The agreement between Trump and Juncker to have Europe buy more U.S. LNG has been criticized because it contains few details and because “they can’t make it happen anyway”. However, according to Anna Mikulska of the Kleinman Center for Energy Policy and Rice University’s Baker Institute for Public Policy, the two leaders could promote investment in infrastructure – and that could have a big impact on the market. Courtesy Kleinman Center for Energy Policy.
At the end of July, in an effort to prevent a possible trade war over U.S. steel and aluminum tariffs, the President of the European Commission (EC) Jean-Claude Juncker met in Washington with U.S. President Donald Trump. They struck an agreement about Europe buying more U.S. LNG.
However, as noted by many analysts, neither side can really make this happen.
The agreement includes very few details: Juncker committed Europe to significantly increase their volume of U.S. LNG imports, while Trump agreed to send more. Yet neither person making the promises has much influence on fulfilling them. The LNG that originates from U.S. coasts does not belong to the U.S. government but to profit-seeking private companies. The U.S. government can encourage LNG production—by providing a hospitable regulatory and legal environment—but it cannot force companies to send products to a specific region or country.
On his part, Juncker represents the EU but is ultimately dependent on individual EU member decisions. The EU cannot force its members to import U.S. LNG, but it can motivate or make it possible through investment in and financing of LNG infrastructure.
Going further, analysts are not sure whether additional LNG importing capacity would ultimately attract U.S. LNG. Some point to the existing capacity that is currently underused, a result of inadequate LNG demand and LNG prices that are high in comparison to the piped Russian gas. In addition, there is the question of LNG competition from cheaper and/or more proximate producers such as Norway, Qatar or, most recently, Russia.
Today’s U.S. producers are lured to Asia, where higher prices provide higher profit margins. Thus, even if more terminals are built, it is not a given that these terminals will maximize capacity or draw LNG from the U.S.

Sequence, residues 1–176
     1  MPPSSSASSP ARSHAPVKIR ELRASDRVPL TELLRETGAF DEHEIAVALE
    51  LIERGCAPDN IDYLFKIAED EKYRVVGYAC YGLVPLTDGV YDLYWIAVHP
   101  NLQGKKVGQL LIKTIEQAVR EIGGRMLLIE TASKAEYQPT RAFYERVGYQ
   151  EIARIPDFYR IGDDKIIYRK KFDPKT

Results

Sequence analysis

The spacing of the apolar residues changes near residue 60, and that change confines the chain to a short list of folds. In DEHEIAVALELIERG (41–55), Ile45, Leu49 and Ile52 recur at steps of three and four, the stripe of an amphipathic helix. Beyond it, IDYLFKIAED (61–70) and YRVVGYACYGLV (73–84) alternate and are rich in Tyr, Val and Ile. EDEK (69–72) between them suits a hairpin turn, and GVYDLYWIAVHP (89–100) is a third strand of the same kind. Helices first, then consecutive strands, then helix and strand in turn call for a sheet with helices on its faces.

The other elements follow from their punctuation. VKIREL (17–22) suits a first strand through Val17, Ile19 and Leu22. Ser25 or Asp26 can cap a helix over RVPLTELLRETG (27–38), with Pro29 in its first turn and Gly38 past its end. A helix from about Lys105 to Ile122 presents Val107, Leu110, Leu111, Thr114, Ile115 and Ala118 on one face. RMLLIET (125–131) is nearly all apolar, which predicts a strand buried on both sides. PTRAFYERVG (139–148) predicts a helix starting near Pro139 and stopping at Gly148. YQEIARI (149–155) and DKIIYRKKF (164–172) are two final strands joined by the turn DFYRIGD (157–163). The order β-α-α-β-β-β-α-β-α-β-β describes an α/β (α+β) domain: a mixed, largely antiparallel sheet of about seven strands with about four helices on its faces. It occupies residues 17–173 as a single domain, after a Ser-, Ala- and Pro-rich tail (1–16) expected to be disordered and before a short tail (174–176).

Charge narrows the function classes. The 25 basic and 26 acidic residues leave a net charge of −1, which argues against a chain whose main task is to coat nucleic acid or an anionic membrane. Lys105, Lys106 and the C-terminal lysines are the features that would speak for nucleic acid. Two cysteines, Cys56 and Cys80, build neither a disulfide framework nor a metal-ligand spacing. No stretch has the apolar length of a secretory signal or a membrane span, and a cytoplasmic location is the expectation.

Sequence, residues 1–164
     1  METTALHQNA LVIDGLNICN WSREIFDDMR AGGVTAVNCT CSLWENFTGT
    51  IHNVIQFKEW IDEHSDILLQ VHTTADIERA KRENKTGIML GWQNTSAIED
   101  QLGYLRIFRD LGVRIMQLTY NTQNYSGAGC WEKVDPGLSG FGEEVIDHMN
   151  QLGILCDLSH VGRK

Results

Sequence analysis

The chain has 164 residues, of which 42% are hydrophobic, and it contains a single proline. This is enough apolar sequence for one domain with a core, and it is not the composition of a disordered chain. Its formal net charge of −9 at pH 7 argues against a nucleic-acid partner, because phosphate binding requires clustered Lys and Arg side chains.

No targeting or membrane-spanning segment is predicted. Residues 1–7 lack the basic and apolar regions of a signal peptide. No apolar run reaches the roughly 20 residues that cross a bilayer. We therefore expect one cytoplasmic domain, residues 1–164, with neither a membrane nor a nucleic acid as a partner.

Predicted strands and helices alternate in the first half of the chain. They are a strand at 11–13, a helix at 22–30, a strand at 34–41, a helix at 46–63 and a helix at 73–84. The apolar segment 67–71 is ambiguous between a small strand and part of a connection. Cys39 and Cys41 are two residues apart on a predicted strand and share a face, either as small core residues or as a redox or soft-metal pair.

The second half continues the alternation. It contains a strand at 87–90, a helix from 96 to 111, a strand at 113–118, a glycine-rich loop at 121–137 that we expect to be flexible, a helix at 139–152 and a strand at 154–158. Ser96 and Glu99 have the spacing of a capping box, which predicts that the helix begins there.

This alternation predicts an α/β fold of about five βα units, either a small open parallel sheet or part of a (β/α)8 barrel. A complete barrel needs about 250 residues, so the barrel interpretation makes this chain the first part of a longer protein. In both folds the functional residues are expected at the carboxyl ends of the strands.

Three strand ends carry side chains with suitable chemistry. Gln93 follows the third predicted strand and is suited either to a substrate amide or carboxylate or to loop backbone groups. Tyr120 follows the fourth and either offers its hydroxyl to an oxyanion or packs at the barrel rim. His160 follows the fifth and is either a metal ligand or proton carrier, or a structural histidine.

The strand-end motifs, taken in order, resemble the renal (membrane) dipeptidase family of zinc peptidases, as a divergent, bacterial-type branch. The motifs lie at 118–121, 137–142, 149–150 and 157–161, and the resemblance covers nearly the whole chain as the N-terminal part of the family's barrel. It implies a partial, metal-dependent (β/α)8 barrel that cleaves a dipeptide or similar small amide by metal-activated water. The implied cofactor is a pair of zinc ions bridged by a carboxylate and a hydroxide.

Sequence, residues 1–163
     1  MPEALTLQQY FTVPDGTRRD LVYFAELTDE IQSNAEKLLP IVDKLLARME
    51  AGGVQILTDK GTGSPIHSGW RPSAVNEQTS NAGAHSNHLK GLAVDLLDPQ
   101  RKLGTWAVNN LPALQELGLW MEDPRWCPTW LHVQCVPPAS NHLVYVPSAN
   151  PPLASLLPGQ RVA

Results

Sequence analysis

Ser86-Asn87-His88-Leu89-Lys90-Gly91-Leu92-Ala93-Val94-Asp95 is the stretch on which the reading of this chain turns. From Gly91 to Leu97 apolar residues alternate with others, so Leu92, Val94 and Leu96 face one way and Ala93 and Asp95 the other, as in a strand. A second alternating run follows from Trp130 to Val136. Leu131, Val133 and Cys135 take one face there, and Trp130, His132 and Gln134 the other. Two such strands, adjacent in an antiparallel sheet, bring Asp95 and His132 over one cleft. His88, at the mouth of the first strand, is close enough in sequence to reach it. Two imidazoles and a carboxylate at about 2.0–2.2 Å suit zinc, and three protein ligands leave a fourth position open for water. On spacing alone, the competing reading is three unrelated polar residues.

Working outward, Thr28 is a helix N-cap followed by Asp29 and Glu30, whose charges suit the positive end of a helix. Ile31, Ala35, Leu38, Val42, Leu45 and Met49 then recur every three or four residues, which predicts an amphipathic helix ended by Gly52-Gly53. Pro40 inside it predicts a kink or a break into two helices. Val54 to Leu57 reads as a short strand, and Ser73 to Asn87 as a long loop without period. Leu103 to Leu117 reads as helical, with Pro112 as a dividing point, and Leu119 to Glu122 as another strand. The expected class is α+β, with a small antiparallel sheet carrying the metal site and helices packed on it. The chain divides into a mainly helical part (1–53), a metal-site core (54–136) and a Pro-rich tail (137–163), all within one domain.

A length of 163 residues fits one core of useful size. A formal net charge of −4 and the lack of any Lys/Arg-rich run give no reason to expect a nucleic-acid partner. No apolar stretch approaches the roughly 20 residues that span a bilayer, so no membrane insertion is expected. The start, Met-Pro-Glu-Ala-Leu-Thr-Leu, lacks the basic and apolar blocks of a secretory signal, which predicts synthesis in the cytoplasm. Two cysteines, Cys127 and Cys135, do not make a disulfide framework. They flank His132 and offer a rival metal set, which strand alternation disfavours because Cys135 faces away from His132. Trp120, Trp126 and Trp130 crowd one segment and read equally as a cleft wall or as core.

In the meantime, Russia has noted record-level highs in natural gas delivery to Europe in 2016 and 2017. And new, more secure transport routes are being built (Nord Stream 2, Turkish Stream) to deliver the abundant and low-cost Russian gas to Europe.
But while Juncker’s promise of large U.S. LNG imports may never materialize, his commitment to building new LNG terminals may actually be an important part of the U.S.-EU natural gas and energy security strategy.
Strategically placed (see Figure 1), new terminals could impact Russian pipeline gas deliveries—if not in volume, then at least in price—while dulling the geopolitical benefits Russia is deriving from its dominant supplier position. My recent research with Gabriel Collins identifies in detail the elements needed to achieve this goal. In a nutshell, the EU must:
- Build terminals in areas that are currently highly dependent on Russian gas;
- Ramp up underutilized LNG import capacity—with pipelines and interconnectors that take gas into areas that lack gas diversity;
- Push harder for market-based rules to govern the natural gas market within EU member states, to encourage competition and spawn interest from U.S. LNG producers.
Figure 1. Priority Zones for Geoeconomic Gas Investments
Source: Collins & Mikulska, 2018.
Would all this bring a rush of U.S. LNG onto the European shores?
Unlikely. U.S. LNG is expected to continue to flow to Asia, where prices and demand are advantageous for U.S. producers.
But as much or as little of the U.S. LNG that would actually reach Europe would not be inconsequential.
LNG infrastructure in Europe would provide ability for the U.S. LNG to feed into the market whenever price disruptions emerge. As such it would provide a price floor and protection from extraction of economic rents by a dominant supplier.
In addition, the deliveries would neutralize geopolitical influence Russia as such supplier has yielded (also a major win for the U.S.). In economic terms, activating more LNG capacity and more potential demand, would be beneficial for U.S. LNG producers. Even if their products never reach European shores, European LNG demand it will impact the industry via displacement: non-U.S. LNG delivered to Europe makes space for U.S deliveries elsewhere, including China or India, for example.
Anna Mikulska is a senior fellow at the Kleinman Center for Energy Policy and a non-resident fellow with the Center for Energy Studies at Rice University’s Baker Institute for Public Policy. This article was first published on the blog of the Kleinman Center for Energy Policy and is republished here with permission.